Eastern Barred Bandicoot history was made on Friday 20 October 2017 in a momentous step in the recovery of the Eastern Barred Bandicoot by releasing 44 EBB’s into the wild on the Summerland Peninsula, Phillip Island. This has been made possible by the recent declaration that Phillip Island is now fox-free (a momentous achievement in itself) and by the hard work of the Eastern Barred Bandicoot Recovery Team including all its members.
On the night, many of the project partners, local members of our Aboriginal and Torre Strait Islander community, and members of the EBB Recovery Team all gathered to release the animals and celebrate this enormous milestone for the long-term survival of the EBBs.
The release at Phillip Island is based on the success of the trail releases of 20 EBBs on Churchill Island in 2015. Over the last two years this population has increased to 120 individuals.
Eastern Barred Bandicoot release at Phillip Island, 20 October 2017 – Zoos Victoria.
Phillip Island monitoring
Early monitoring results from Phillip Island so far indicate that all 30 of the 44 animals with transmitters attached to their tail have been relocated and are nesting not far their point of release.
Key partnerships made this possible
This project to save the EBBs is an extraordinary example of successful partnerships, with the EBB Recovery Team comprised of representatives from: Conservation Volunteers Australia, Department of Environment, Land, Water and Planning (DELWP), Mt Rothwell Biodiversity Interpretation Centre, National Trust of Australia, Parks Victoria, Phillip Island Nature Parks, the University of Melbourne, Tiverton Property Partnering and Zoos Victoria. Generous funding support provided by the Helen Macpherson Smith Trust, the Ian Potter Foundation and Penguin Foundation (for the Fox Eradication Program) also made this release possible.
See also: Zoos Victoria - Full news release
The Eastern Barred Bandicoot team had a successful catch at Churchill Island last week to collect the remaining EBBs coming from there for release to Summerland Peninsula, Phillip Island. In all they trapped 64 and collected 11 females and 6 males for translocation, bringing the total to 20 males and 20 females from Churchill Island and 61 individuals released to Summerlands so far. There are still plans to catch some at Hamilton Community Parklands in the future.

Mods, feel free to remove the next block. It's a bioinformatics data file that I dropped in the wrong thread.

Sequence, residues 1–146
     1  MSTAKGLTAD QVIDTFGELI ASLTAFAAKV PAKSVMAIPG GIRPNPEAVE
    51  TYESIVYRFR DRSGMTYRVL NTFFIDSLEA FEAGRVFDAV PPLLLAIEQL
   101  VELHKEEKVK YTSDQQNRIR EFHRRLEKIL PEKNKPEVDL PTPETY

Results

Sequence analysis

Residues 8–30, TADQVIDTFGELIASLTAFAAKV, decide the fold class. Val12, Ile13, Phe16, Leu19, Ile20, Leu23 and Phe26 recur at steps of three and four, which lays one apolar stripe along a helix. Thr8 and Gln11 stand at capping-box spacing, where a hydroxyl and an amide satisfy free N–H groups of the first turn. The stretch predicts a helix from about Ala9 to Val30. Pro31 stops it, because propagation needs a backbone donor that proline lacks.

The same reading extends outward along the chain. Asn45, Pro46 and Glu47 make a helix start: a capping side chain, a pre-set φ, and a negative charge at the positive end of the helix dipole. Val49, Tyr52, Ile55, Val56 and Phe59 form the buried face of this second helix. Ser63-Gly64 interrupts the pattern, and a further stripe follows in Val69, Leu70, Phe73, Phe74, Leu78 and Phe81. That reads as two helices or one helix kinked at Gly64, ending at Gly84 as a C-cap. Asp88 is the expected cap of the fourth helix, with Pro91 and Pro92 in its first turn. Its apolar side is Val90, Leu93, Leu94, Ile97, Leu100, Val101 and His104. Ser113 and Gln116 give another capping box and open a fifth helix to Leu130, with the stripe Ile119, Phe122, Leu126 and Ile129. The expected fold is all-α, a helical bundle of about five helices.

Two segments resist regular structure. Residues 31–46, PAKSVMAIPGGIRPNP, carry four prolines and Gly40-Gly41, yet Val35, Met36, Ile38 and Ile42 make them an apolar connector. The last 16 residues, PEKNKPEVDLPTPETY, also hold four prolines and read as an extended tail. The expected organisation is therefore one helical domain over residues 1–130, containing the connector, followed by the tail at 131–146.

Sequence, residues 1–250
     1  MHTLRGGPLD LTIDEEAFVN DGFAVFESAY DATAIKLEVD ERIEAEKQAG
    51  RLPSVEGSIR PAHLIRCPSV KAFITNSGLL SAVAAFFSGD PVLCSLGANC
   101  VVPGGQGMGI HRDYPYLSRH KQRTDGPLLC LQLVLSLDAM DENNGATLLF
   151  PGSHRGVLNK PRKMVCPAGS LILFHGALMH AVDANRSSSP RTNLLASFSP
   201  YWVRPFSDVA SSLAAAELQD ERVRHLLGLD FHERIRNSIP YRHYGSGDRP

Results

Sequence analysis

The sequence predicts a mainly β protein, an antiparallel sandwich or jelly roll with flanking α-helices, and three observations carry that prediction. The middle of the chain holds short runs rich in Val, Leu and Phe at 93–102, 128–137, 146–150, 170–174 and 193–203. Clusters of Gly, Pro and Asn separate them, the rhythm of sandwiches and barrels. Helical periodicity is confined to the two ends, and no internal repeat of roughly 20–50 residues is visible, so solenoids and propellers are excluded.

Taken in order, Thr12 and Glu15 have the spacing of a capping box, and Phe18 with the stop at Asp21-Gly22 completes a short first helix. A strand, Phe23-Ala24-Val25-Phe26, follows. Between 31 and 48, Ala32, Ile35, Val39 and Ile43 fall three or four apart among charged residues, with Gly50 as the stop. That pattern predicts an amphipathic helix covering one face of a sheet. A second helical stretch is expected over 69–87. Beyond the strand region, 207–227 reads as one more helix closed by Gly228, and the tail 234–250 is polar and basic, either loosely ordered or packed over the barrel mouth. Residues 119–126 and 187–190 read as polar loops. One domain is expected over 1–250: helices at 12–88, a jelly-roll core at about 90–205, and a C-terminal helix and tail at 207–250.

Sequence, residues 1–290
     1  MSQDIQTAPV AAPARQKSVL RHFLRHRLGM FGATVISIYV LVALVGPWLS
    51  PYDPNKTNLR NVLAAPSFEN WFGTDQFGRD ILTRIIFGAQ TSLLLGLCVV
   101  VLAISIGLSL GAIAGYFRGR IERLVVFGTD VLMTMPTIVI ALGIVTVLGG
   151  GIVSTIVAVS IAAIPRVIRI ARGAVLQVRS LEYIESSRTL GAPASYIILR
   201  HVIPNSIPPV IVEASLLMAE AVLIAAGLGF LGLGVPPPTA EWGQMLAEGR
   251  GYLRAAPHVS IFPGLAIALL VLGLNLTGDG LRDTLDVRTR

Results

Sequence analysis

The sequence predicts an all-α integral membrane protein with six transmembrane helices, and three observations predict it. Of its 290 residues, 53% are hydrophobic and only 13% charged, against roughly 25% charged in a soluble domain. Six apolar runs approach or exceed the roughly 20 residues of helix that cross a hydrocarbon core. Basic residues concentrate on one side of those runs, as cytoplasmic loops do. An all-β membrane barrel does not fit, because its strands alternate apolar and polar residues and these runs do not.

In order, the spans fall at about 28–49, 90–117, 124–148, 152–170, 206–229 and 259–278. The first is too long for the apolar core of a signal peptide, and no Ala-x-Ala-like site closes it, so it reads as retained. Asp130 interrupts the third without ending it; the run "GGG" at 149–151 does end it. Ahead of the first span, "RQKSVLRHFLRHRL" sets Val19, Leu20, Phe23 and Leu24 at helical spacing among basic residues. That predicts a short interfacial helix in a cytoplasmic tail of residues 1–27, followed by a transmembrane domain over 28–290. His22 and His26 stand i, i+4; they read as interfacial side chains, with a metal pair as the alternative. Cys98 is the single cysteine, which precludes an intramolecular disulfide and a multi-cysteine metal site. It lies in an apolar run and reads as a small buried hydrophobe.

The radiotracking of 30 bandicoots following their release has concluded. The transmitters began falling off the tails of bandicoots after about 1 week. Importantly, no known mortality related to feral cats were detected immediately after release. All of the animals have stayed pretty close to their release site. (see the map below).
Locations of EBB nests from daytime radiotracking fixes (yellow) in the first 2 weeks at Phillip Island; release sites (blue). For scale, the map spans almost 2 km east to west. Source: Phillip Island Nature Parks. The release site is a reclaimed housing estate that has been fully restored to be habitat for wildlife including penguins, shearwaters, wallabies, Cape Barren geese and now eastern barred bandicoots.
The first monitoring session with live trapping of EBBs on Summerland Peninsula was conducted on 13 November 2017. In all, 22 bandicoots were trapped, 13 were sent to our vet team that were out in the field with us where they were tested to see if they have been exposed to the disease Toxoplasmosis (a disease spread in the faeces of feral cats).
Encouragingly, of the 12 females captured 5 had tiny pouch young that must have been conceived on Summerland Peninsula. The good body condition and weight of all the animals also suggests conditions are suiting them in their new home.
On Wednesday 6 December an additional release of 6 Eastern Barred Bandicoots was carried out at Summerland Peninsula, Phillip Island. These animals (5 males and 1 female) were moved from the Hamilton population and along the way received a vet check and Toxoplasmosis disease screening at Melbourne Zoo. This brings the total number of Eastern Barred Bandicoots released on Phillip Island to 67 individuals.
During a three-night trapping session last month 36 of the possible 60 individuals were trapped and released. There has only been one confirmed death since the initial release in October, though it is hard now to detect any mortalities without the transmitters. The next monitoring session is planned for February.
Bandicoot diggings can now be readily found on the peninsula, which is a return of the important ecological function that had been lost on the island with the local extinction of species like potoroos and bandicoots, and is helping to restore the compacted soils in the old housing estate. This is another step in the restoration of this special landscape.
The latest release was made possible through the EBB Recovery Team, DELWP, Conservation Volunteers Australia, Zoos Victoria vet team and Phillip Island Nature Parks.
An Eastern Barred Bandicoot being released on Summerland Peninsula, Phillip Island, December 2017. Image: Phillip Island Nature Parks